‘If You Break One Mental Block, It Breaks Blocks Across Life’

‘If You Break One Mental Block, It Breaks Blocks Across Life’

Polio survivor Anuraag Khandelwal tells us how the life-changing climb to Everest Base Camp came about. The man who never took the stairs, willed himself on crutches, and even climbed using his back and arms in jagged terrain, to rise close to the top of the world.

Gokul KrishnamoorthyUpdated: Tuesday, January 16, 2024, 08:38 AM IST
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‘If You Break One Mental Block, It Breaks Blocks Across Life’ |

In all his life, Anuraag Khandelwal always looked for the elevator when he had to go up or down a building. For the polio survivor with a carbon fiber leg brace who moves with the aid of crutches, it seemed like the natural thing to do. It never bothered him that he never took the stairs. That never bothered him. But when on holiday in places like Himachal Pradesh with his wife and daughter, he would only go as far as the car would take them. If a hike or trek was involved, he would wait for them to come back. After a life-changing climb to Everest Base Camp, he does not look for the stairs anymore.

“Now whether it is Cambodia or Vietnam, whether there are slopes or steps, I would want to walk with them,” says Khandelwal, Chief Creative Officer at 82.5 Communications, a part of the Ogilvy Group.

It all started with a challenge thrown at him by Ogilvy India CEO VR Rajesh, who had just returned from a trip to the base camp. Over a few drinks, Khandelwal asked him, "So what did you bring back for me?" His reaction when Rajesh gave him a tiny rock from the trek was “WTF”. Rajesh came back at him and asked, "If you're not a fan, why don't YOU do EBC?" The challenge was on.

“Rajesh planted the idea – when he said it, all the tick marks happened in my head. I told myself that it makes no difference even if I am not able to make it. I had already won in my head,” says the adlander. 

Starting from Scratch 

Trekking up to Everest Base Camp takes preparation. For a physically challenged person, it obviously took a lot more. There were no ready reckoners on how a person with limited mobility could make the climb. There were questions on whether it was practical.

Asked about how his family reacted to the idea, Khandelwal says, “My wife Kuhelee is my biggest fan, even if she is not very expressive. She told me that I must train. She asked me to start, saying she would see how it goes. She was very supportive. She even came with me on the climb for the first five days but couldn’t take the cold. It was emotional for her to leave me there and return. But I had made up my mind. Whether it took 13 days or 26, I had decided that I would finish the climb. She also knew it.” 

The preparations started with enlisting a sports company with Paralympic insights. A personal trainer was onboarded and his diet and breathing exercises were addressed. He began small walks around Mumbai. From half a kilometre a day, he went up gradually to 7 to 8 km. The man who never took the stairs, climbed two floors, moving up to 50 floors up and down. Rajesh didn’t just leave Khandelwal with the challenge but also partnered with him. His farm was transformed into a training ground. The duo trained through the scorching summer and monsoons, after work hours and on weekends. It was a mission that had to be accomplished.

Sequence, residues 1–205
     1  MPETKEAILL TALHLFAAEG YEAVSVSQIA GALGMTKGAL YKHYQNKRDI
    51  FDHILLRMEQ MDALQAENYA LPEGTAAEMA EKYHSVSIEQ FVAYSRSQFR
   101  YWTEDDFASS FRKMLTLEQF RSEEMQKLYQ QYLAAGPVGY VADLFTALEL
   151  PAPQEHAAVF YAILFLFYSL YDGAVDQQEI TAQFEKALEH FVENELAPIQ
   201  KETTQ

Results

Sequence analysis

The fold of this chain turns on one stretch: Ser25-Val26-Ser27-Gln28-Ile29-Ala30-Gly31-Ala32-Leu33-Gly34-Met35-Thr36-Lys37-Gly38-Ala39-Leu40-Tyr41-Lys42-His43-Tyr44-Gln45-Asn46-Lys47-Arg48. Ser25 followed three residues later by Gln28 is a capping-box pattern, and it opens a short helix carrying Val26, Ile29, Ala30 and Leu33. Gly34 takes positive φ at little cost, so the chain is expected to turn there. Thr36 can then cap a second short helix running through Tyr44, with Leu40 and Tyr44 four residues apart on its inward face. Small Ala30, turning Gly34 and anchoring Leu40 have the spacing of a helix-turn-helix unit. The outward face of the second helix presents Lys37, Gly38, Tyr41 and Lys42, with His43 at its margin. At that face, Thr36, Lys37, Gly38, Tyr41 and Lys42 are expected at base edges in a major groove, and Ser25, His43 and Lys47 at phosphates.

The Climb 

On October 21, 2023, the team started from Lukla in Nepal, on the road to Everest. It took them 13 days, with just a day’s break in between, to reach the Base Camp.

It helped that organiser Jayesh, who was with Rajesh and Khandelwal on the adventure, had charted treks to do in Maharashtra to prepare the first-time challenger for Everest. But nothing compares to the real thing. For most part, Khandelwal trekked on crutches. On particularly tough terrain, he had to move forward on his butt and hands. It took every bit of the stamina he had painstakingly built up, he recalls. 

“It was tougher on the people around me. My pace was 6 to 7 kms a day in 9 to 13 hours.They had to walk slower. My pace was one fourth of what Rajesh could do. So his body wasn’t getting warm. They gave me full moral support. I told them to go ahead and said I would come with the porters. Jayesh and Rajesh took turns going ahead,” recounts Khandelwal.  

The biggest learning was that he started looking at himself internally. He elaborates. “If someone wants to look at themselves internally, they should do something boring for a period of time. Everyday, you woke up at 7 am, left at 7.30, reached the next place, rested from 7 pm. Then you repeated it. After the first five or six days, it becomes so routine. You need to do that again and again to see within yourself. This was truly the truest holiday I had – when I could see myself internally.”    

The man who was always at the bottom of the hill looking at people going up, says he has created a benchmark for himself with the trek to Everest Base Camp – mentally and physically. 

“It was a mental block that I had to break. If you break one mental block, it breaks blocks across life,” surmises Khandelwal.

He hasn’t planned the next adventure but is certain that he will do something new that makes him push the boundaries. It will be something new, he underlines. It might even be the Amazon Forest.

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